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Julio Lynch vs Paul Michel
Buenos Aires Circulo (1945), Buenos Aires ARG, rd 3, May-09
Queen Pawn Game: Krause Variation (D02)  ·  0-1
ANALYSIS [x]

FEN COPIED

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Kibitzer's Corner
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Dec-21-10
Premium Chessgames Member
  Sastre: <gmalino> The position is equal after 25...Rxd2+ 26.Rxd2 Bxf3+ 27.Kxf3 Bb4 28.Ree2 Bxd2 29.Rxd2.
Dec-21-10  gmalino: Isn't my line winning as well?
Ok, it's not the best choice, but also winning.

<Phony Benoni>: "Tricky. There are a lot of targets in the White position, but the problem is finding which one to hit.

As a lot of solvers probably will, I looked first at 25...Rxd2+ 26.Rxd2 Bb4 skewering the rooks. But that doesn't seem to lead to anything more than exchanges, <especially with the Bb7 hanging.>"

--> Yes, but this can be handled by capture with check, isn't it?

Looks like I'm the only one trying the skewer after taking two pieces with check, makes me wondering if I overlooked something elementary....

Dec-21-10  gmalino: <Sastre> Hmm! Right! Giving quality and taking quality leads to equality, isn't it? Thanks for opening my eyes once again! Sometimes I am too attracted by trading....working on that....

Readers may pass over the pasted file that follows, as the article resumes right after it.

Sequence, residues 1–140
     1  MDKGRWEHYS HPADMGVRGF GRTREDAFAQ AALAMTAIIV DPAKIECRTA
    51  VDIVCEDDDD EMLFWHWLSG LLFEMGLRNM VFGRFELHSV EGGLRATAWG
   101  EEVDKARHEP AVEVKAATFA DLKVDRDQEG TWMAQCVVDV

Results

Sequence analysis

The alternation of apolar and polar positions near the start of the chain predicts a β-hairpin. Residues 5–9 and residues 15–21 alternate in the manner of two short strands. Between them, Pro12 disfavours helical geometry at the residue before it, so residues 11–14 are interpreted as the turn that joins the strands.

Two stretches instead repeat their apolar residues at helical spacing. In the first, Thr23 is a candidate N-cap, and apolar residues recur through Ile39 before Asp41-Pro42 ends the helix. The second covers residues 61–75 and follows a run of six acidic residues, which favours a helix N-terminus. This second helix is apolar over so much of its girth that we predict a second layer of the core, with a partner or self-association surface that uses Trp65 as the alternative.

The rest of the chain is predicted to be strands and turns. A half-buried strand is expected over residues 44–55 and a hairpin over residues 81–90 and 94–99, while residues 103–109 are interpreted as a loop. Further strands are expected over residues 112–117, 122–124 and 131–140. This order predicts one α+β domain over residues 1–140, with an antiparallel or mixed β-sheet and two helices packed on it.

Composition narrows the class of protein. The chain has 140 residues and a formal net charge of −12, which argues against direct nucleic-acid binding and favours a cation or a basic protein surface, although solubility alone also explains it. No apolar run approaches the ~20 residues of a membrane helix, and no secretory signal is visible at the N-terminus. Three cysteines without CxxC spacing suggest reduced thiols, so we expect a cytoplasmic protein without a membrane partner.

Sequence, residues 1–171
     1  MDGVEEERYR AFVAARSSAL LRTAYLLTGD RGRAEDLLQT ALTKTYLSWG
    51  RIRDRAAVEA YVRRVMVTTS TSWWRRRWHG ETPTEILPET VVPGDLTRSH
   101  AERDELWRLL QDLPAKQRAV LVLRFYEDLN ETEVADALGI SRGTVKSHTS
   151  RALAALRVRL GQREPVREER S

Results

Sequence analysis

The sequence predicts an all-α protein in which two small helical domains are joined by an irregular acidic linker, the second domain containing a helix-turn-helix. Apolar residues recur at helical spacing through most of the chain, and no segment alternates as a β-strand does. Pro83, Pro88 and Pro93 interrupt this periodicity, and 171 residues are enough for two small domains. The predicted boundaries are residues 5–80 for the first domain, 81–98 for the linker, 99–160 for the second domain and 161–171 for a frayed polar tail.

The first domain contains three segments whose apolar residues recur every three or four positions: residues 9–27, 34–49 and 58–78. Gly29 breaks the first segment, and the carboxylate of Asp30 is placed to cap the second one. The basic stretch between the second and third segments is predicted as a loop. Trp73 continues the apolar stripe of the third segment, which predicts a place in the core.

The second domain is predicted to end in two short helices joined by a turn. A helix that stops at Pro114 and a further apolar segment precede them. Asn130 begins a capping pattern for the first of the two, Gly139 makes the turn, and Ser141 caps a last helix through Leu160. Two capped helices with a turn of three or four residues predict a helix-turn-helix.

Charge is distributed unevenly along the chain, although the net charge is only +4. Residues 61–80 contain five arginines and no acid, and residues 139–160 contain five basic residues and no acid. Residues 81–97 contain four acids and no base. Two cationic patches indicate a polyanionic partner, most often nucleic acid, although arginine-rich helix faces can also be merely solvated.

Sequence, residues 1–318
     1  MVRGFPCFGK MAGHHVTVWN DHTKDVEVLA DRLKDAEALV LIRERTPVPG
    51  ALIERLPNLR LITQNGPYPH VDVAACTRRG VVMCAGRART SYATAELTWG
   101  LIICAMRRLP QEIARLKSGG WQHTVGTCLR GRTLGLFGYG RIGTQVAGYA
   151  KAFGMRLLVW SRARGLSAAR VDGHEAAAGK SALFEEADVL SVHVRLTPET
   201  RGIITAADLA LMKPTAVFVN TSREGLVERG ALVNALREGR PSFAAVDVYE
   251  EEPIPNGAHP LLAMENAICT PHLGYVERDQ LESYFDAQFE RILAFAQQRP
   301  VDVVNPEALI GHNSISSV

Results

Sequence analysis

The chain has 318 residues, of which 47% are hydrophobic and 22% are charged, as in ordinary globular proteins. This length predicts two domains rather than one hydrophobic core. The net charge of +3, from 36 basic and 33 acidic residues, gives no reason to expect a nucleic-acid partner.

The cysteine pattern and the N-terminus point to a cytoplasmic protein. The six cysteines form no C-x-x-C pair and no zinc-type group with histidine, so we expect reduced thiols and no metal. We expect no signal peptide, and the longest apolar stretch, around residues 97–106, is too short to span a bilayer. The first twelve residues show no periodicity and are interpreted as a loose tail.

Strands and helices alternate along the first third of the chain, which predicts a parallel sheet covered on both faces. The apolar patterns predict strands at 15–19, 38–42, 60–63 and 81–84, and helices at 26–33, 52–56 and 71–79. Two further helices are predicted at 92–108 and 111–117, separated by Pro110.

Dec-21-10
Premium Chessgames Member
  agb2002: Black has the bishop pair for a bishop and a knight.

White threatens 26.Bxb7.

The rook on c2 and the knight are defenseless (attacked as many times as they are defended, at least) and White's bishop and knight can be captured with check. These facts suggest the double attack 25... Bb4:

A) 26.Rxc8 Bxc8 27.Rc1 Rxd2+ and 28... Ba6 - + [B].

B) 26.Rb2 Rxd2+ 27.Rxd2 Bxf3+ 28.Kxf3 Bxd2 - + [B].

C) 26.Bxb7 Rxc2 followed by 27... Rdxd2 - + [R].

D) 26.Rec1 Bxf3+ 27.Kxf3 Rxc2 28.Rxc2 Rxd2 - + [N].

E) 26.Nc4 Bxf3+ 27.Kxf3 Bxe1 - + [R].

F) 26.Rc4 Rxd2+ 27.Kh3 Rxc4 28.bxc4 (28.Bxb7 Rcc2 - + [R]) Bxf3 - + [2B].

Dec-21-10  jussu: Embarrasing, but this took me about five minutes to find.
Dec-21-10  jussu: <Sastre: <gmalino> The position is equal after 25...Rxd2+ 26.Rxd2 Bxf3+ 27.Kxf3 Bb4 28.Ree2 Bxd2 29.Rxd2.>

My feeling is that black has at least some trouble drawing this.

Dec-21-10  FrogC: It's a quiet move to which White has a couple of energetic-looking replies, which makes it a bit counter-intuitive. I saw it here but might well have missed it over the board.